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Is it a cult?? Stick-shifters (if there are any) unite....

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https://carshowsafari.com/interview-with-stick-shifters-of-america/

I don't know if I'll join, but I would like to see standard shift stay alive for those who would learn to love it, or already do.  To me, driving an automatic is boring, my mind wanders.  With a stick, you (meaning me) tend to pay more attention to the road, and you "participate" in translating revs into motion.  Maybe it figures why I prefer a tiller to a wheel.

Thinking back, I don't believe I've ever owned an automatic-- if i remember it correctly, it's been VW beetle, then Peugeot 404, then Fiat, then VW Rabbit, then Camry, then Honda Accord, then Corolla, and now (and it took some searching with dealerships) a new Nissan Versa with a stick.  Surprisingly nice little car for the price, and the 2020 Versa is a newer model than the semi-dorky previous iterations, looks more like a junior Altima now.  Subcompact econoboxes aren't that powerful, so stick makes driving more interesting.  I've left out motorcycles, all Honda, and one Indian  back in high school, two buddies and I fixed up a 1948 Chief.  All "standard", obviously.  The Indian had a treadle-type ("suicide") clutch, and a tank-shifter, three speeds.

My wife has had a couple of automatics, but mostly sticks (first car was an MGB she shared with her sister), and more recently, for a while had an Acura RSX-S type, also known as "cheap speed", what a rocket, til it died in a flood (New Orleans, it happens), I almost cried.  Our kid is also pure stick, at least so far.  Bless them both.

Other advantages:  dead battery? you can bump-start it by pushing it then popping the clutch, no waiting for a jump, or for AAA.  Brakes failed? (okay, this never happens but humor me) keep downshifting until you're going slow, if your clutch can stand it.

It weighs less than an automatic.

It's cheaper to buy a than an automatic, quite a bit actually. 

Car thieves (other than very old car thieves) don't know how to drive it.

In Europe, Central America, and I don't know where else, stick is mostly what they have anyway.  The valet at a Houston hotel, from Mexico, came back with the keys and a big smile, "stick shift!!".  Yup.

Okay, the bad, it'll be harder to sell used, but I usually keep a car a long time so not that much a disadvantage.

 

Okay, I doubt I've convinced anybody, but well, I tried...

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My wife has a 2003 Saab with manual transmission, and we both love to drive it.  Fortunately, it's still going strong, as there are just not any sporty manuals left (they are all toggle or paddle when not automatic).

Sadly, we both have come to the conclusion that our kids will never learn stick.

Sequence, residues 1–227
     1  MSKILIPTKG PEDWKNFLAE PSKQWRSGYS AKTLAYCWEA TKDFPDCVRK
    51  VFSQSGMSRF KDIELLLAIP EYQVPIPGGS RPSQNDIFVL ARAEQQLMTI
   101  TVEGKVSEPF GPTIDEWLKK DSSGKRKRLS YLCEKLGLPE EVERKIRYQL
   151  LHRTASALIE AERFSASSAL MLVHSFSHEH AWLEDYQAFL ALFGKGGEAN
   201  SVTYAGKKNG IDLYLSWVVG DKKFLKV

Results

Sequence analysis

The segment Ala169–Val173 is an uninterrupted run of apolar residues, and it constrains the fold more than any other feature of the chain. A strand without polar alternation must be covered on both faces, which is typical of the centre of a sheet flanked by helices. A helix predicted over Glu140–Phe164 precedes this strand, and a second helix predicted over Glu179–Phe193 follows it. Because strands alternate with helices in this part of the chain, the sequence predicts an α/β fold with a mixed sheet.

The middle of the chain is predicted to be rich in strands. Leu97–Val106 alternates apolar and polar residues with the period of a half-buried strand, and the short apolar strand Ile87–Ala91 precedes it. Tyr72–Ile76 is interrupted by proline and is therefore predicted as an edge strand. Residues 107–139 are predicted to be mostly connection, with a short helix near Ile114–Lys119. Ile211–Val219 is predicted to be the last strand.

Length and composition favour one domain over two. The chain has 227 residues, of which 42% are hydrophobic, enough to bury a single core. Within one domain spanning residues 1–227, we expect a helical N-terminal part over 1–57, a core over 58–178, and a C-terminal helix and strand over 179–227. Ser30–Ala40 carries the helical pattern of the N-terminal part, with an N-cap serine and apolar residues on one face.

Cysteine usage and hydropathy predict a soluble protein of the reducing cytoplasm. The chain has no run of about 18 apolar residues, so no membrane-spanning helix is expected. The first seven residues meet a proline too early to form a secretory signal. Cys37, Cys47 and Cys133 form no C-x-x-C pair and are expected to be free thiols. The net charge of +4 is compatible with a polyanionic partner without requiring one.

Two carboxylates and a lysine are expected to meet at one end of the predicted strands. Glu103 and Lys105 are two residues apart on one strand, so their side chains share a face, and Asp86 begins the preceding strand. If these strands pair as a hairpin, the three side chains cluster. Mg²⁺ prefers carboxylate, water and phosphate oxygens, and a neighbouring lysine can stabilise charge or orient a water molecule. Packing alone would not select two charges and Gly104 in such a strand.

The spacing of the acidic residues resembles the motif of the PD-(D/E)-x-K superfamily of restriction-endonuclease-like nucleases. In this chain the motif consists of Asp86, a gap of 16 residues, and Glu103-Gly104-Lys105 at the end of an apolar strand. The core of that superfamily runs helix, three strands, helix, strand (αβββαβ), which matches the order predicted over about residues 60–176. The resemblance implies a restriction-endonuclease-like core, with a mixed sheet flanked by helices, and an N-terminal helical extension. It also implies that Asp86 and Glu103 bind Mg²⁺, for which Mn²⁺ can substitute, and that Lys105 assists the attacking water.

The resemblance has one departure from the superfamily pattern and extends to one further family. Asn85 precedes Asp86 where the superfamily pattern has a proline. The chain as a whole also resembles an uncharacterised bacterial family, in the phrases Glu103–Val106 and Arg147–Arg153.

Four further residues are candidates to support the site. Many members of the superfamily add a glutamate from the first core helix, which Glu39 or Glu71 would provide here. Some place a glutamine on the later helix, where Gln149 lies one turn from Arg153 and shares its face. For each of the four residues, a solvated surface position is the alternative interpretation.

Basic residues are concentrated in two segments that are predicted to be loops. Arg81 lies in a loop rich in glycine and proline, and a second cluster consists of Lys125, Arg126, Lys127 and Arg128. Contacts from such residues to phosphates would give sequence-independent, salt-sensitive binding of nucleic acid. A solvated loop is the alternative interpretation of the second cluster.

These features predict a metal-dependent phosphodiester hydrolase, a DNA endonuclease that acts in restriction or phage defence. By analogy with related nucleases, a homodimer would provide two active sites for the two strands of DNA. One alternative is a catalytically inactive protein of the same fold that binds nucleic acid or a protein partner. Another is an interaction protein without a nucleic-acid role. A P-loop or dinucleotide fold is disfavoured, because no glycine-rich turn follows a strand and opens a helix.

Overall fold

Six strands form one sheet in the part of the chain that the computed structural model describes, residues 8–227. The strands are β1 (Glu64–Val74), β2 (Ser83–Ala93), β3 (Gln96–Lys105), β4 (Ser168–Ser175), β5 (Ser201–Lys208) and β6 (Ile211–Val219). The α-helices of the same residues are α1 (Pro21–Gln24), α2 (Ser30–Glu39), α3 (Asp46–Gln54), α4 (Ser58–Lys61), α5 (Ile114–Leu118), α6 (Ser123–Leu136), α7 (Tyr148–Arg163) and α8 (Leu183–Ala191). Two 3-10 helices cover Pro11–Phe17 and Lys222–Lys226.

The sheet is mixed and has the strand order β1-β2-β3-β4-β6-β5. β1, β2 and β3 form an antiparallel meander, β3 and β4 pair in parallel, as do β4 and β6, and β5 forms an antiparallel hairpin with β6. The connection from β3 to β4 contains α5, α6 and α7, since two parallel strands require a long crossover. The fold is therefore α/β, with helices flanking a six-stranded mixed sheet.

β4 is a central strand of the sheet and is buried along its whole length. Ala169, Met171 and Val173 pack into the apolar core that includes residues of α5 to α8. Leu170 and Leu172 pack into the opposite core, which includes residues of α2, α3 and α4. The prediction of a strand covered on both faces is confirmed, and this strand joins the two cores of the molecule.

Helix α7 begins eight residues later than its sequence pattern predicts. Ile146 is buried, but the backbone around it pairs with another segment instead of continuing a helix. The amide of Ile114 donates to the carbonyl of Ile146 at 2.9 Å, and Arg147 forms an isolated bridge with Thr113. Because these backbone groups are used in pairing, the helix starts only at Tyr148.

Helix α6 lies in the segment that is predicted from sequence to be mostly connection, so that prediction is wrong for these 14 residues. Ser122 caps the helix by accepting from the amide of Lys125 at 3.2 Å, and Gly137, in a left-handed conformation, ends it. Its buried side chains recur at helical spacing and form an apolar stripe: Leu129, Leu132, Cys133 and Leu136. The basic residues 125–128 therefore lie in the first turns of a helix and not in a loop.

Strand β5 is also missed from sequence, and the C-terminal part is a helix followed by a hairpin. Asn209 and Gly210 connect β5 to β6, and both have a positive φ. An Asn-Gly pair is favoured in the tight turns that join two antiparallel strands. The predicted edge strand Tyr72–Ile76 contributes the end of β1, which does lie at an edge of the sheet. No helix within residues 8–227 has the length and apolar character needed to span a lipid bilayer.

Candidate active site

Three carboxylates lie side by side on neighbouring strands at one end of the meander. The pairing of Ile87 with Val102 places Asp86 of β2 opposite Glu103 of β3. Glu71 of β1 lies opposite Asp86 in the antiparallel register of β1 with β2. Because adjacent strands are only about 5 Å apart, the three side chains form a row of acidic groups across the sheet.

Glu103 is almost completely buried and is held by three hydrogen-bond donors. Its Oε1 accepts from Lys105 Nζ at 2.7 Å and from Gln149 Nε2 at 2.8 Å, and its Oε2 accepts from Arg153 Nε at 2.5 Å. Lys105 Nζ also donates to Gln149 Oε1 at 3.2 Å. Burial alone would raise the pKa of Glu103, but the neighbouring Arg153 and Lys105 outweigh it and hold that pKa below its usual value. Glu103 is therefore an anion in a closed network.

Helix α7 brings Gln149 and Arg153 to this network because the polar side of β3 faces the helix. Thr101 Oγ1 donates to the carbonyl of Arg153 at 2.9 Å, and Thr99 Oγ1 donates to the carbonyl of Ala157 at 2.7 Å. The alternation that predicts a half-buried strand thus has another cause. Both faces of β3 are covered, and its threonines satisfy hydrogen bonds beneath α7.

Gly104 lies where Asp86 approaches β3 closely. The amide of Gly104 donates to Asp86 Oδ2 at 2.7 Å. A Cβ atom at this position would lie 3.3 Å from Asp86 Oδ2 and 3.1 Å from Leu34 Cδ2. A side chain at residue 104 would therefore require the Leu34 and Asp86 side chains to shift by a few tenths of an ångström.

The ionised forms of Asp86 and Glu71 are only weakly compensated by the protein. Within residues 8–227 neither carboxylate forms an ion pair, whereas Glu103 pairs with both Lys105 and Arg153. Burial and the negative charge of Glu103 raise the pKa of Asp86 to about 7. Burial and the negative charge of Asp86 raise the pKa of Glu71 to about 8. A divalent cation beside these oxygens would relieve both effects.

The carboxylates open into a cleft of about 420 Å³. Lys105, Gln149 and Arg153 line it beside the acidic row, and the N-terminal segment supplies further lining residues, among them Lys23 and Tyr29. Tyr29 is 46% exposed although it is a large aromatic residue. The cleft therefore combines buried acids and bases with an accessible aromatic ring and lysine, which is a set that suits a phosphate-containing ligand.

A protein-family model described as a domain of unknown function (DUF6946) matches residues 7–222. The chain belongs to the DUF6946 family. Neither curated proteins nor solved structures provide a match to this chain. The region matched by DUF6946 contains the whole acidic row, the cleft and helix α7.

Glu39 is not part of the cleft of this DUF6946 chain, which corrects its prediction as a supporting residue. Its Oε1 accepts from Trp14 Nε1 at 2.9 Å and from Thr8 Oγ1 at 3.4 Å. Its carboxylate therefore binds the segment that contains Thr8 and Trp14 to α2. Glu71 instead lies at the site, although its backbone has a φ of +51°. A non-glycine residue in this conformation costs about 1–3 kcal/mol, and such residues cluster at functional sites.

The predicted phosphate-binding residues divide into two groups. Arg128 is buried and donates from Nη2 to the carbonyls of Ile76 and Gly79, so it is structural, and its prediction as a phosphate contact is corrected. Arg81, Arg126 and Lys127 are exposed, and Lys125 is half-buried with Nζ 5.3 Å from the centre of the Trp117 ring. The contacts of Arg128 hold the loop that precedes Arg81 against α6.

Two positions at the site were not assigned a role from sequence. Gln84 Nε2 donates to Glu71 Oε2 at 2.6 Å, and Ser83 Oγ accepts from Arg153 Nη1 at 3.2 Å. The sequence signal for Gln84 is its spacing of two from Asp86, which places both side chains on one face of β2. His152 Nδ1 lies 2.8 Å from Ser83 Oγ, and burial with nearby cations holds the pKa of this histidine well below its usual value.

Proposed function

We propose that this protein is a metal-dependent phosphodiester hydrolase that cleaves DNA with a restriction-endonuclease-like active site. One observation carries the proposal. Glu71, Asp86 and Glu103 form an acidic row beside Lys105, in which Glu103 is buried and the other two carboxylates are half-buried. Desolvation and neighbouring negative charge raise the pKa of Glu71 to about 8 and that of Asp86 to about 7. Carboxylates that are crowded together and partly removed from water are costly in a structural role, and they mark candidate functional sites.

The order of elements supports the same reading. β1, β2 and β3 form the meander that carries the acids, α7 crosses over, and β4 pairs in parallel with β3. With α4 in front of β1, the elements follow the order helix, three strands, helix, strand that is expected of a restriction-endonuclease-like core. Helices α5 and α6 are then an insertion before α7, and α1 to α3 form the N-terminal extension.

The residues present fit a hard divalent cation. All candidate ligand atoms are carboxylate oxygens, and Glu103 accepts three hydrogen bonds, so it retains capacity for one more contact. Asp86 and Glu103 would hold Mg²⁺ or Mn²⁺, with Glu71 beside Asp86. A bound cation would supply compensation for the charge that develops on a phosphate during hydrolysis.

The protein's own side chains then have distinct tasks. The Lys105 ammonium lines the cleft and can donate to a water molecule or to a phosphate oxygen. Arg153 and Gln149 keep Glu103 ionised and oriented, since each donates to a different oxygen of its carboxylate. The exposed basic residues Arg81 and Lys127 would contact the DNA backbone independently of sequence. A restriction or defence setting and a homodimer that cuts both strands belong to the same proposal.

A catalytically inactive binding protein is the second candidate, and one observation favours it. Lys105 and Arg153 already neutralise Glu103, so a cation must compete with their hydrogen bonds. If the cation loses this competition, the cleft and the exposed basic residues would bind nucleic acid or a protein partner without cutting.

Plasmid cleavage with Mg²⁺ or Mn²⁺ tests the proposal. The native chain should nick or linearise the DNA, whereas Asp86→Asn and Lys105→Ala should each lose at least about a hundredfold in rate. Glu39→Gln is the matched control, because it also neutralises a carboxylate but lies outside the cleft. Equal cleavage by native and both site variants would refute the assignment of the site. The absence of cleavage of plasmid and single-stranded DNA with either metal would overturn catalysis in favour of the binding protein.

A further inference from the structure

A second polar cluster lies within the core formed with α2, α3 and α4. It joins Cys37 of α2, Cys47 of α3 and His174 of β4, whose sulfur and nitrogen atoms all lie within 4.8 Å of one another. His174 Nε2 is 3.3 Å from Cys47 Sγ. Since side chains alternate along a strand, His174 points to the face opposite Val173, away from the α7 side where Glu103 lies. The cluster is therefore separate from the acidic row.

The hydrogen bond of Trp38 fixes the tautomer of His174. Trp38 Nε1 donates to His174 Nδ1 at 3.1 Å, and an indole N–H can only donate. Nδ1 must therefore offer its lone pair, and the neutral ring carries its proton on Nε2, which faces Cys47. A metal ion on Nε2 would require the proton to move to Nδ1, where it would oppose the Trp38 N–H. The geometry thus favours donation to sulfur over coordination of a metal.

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i started driving farm tractors when I was about 14 years old.  That is a great way to learn about clutches and shifting. 

100% agree stick shifts offer a better driving experience.   

There is some cliche about stick shifts and anti-theft devices that I won't repeat.  

 

 

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I grew up driving stick in the UK, as automatics were almost unheard of.

I have one of the few 6-speed sticks on the US market, a 2016 VW Golf R. 

It's just so much fun up the twisties here in NorCal, and as you say, makes you participate in the driving.  It keeps your attention level on the job at hand.  Being able to drop two cogs and floor it instantly to join a freeway in front of that truck is a major safety feature too.

Ellen de Generes said it right. "If what you're doing requires both hands, both eyes and at least one foot, it might be an idea to have your brain involved as well."

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I had a 73 Chevy van to tow my Star back in the 80's and that was the only automatic I have owned.  My 70 Ghia was an auto stick, but I have since dropped a 4 speed in it, much more fun to drive.  There is a facebook page I believe something like save our 4 speed or something like that.

 

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Archaic tech created a hundred years ago to overcome some the many disadvantages of the equally archaic internal combustion engine. A pointless cult. 

Do real farm tractors still have clutches? Crashboxes? Really? Painful.

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We rented a sort  of Jeep like car in Granada.  Not only was it right hand drive but a 4 speed too.  Since I am left handed and still drove a stick I was elected driver.  Took a while to get adjusted to keep left, but the shifting was no problem.

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jesus, automatics are the least of your worries.  I had to rent a truck on the weekend, an up trim Ram.  I had to look in the book to open the fucking gas door! (park, off, press on door a third of the way back).  it went into "auto park" twice, i'm still not sure exactly what i did to get it out of "auto park".  and that's just "mandatory convenience" stuff, the trend is that you won't actually drive at all...strap yourself into a box, enter a destination and sit there until you arrive, now that's fucking terrifying.

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When I go to work, I leave my car unlocked with the keys in it. Do I worry?  No... it’s a manual.  Millennial anti-theft device. (Ditto with the house... I’ve always lived just rural enough that if someone wanted to break in the house, there would be nothing to stop them, and then I’d just have to replace the door, too.  When I sold my first house, went through the closing.  At the end, everything signed, new owners say “Now it’s time for the keys!” Uhhhhhh, oops.  Gave them a random key I had laying around.  No idea what it went to, but never heard anything about it so I guess they figured it out).